The woman may have a premises liability claim against the owner of the restaurant. Generally, such a claim results from an injury to a person on the property of another. For sake of brevity, an owner of property owes a duty to his or her guests (“invitees”) and in some cases, other persons, to keep the property in a reasonably safe condition. The injured person must establish that the property owner owed a duty; that the duty was breached; and that the breach proximately caused injury. Such a claim extends to the method and manner in which one owns or controls a “premises.” The premises can be thought of as land, home or as in this situation, a building containing a restaurant.

The major types of premises liability claims include slip/trips/falls and negligent security claims. A negligent security claim can occur when the property owner had superior knowledge of the danger that hurt or injured the victim. In other words, the owner knew or should have known of the hazard that caused injury.

In the situation at hand, the article is silent as to whether: the male assailant was drunk at the time of the incident; the assailant had previously caused similar problems in the past at the restaurant or prior to on the day of the incident; the assailant was over served at the restaurant on the date in question; the victim reasonably requested the help of security or similarly situated employee at the restaurant as to the assailant before the incident and was denied and/or whether the assailant was an agent or employee of the restaurant. Certainly, there are many other questions that come to mind in trying to determine if the owner has any liability in this situation, including whether or not there were any security cameras that captured the incident.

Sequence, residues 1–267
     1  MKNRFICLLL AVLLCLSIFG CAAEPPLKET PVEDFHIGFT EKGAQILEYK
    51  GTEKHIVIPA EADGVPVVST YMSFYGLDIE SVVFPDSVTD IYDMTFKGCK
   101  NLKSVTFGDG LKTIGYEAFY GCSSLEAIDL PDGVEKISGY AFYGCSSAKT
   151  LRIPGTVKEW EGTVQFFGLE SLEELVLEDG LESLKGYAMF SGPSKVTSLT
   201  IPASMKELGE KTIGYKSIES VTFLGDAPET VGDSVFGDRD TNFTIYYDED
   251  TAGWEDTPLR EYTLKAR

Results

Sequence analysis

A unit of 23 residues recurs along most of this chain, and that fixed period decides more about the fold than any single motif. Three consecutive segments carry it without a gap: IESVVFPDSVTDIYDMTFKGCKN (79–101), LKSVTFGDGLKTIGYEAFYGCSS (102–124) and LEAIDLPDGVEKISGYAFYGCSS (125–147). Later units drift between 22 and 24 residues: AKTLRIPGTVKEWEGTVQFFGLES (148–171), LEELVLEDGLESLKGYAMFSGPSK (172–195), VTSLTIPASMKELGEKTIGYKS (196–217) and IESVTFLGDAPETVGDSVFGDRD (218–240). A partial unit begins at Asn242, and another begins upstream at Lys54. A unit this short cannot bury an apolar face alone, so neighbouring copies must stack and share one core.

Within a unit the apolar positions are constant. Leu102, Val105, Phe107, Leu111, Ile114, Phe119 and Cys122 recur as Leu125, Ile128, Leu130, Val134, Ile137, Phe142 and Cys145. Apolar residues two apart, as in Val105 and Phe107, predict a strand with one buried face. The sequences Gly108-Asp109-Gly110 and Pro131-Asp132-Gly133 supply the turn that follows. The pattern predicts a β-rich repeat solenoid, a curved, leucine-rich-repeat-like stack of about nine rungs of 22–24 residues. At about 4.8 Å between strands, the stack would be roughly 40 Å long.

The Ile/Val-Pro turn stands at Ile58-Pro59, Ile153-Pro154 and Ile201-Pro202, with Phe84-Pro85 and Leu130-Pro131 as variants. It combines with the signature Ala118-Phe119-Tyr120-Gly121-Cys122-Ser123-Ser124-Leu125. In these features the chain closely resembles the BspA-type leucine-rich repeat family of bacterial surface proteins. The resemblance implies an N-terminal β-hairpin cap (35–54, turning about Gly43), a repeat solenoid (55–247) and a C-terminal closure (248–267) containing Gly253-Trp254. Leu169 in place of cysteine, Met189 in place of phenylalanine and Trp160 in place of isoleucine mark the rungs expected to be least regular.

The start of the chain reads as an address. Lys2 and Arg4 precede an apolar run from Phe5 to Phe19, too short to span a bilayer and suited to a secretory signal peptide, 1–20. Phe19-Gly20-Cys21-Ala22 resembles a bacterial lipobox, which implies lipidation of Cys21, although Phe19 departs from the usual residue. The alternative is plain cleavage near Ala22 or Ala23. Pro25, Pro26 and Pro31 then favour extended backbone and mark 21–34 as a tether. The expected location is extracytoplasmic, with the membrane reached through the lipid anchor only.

If the victim can establish that the owner breached a duty and said breach proximately caused her injury, then the injured woman may seek recovery in court. However, premises liability and negligent security cases are generally fact specific and complex. And, the owner or operator of the property will surely deny liability and refuse to provide security camera or other evidence that is helpful to the victim. In fact, in some situations, it is important to contact an experienced personal injury attorney immediately to help safeguard important evidence from being destroyed, hidden or otherwise erased that could be used in court to successfully pursue the case.

The Law Offices of Kevin C. Ford represent clients throughout Georgia, including victims and their families who were injured in premises liability incidents. As such, the Law Offices of Kevin C. Ford is currently accepting slip and fall, trip and fall and negligent security cases throughout Georgia. If you or a loved one has been injured as the result of the negligence or fault of an owner of property, then please contact an experienced personal injury attorney immediately for a free consultation. Mr. Ford can help clients obtain monetary compensation necessary to pay for past, present and future medical care and provide for a fresh start. Please contact us today for a free consultation.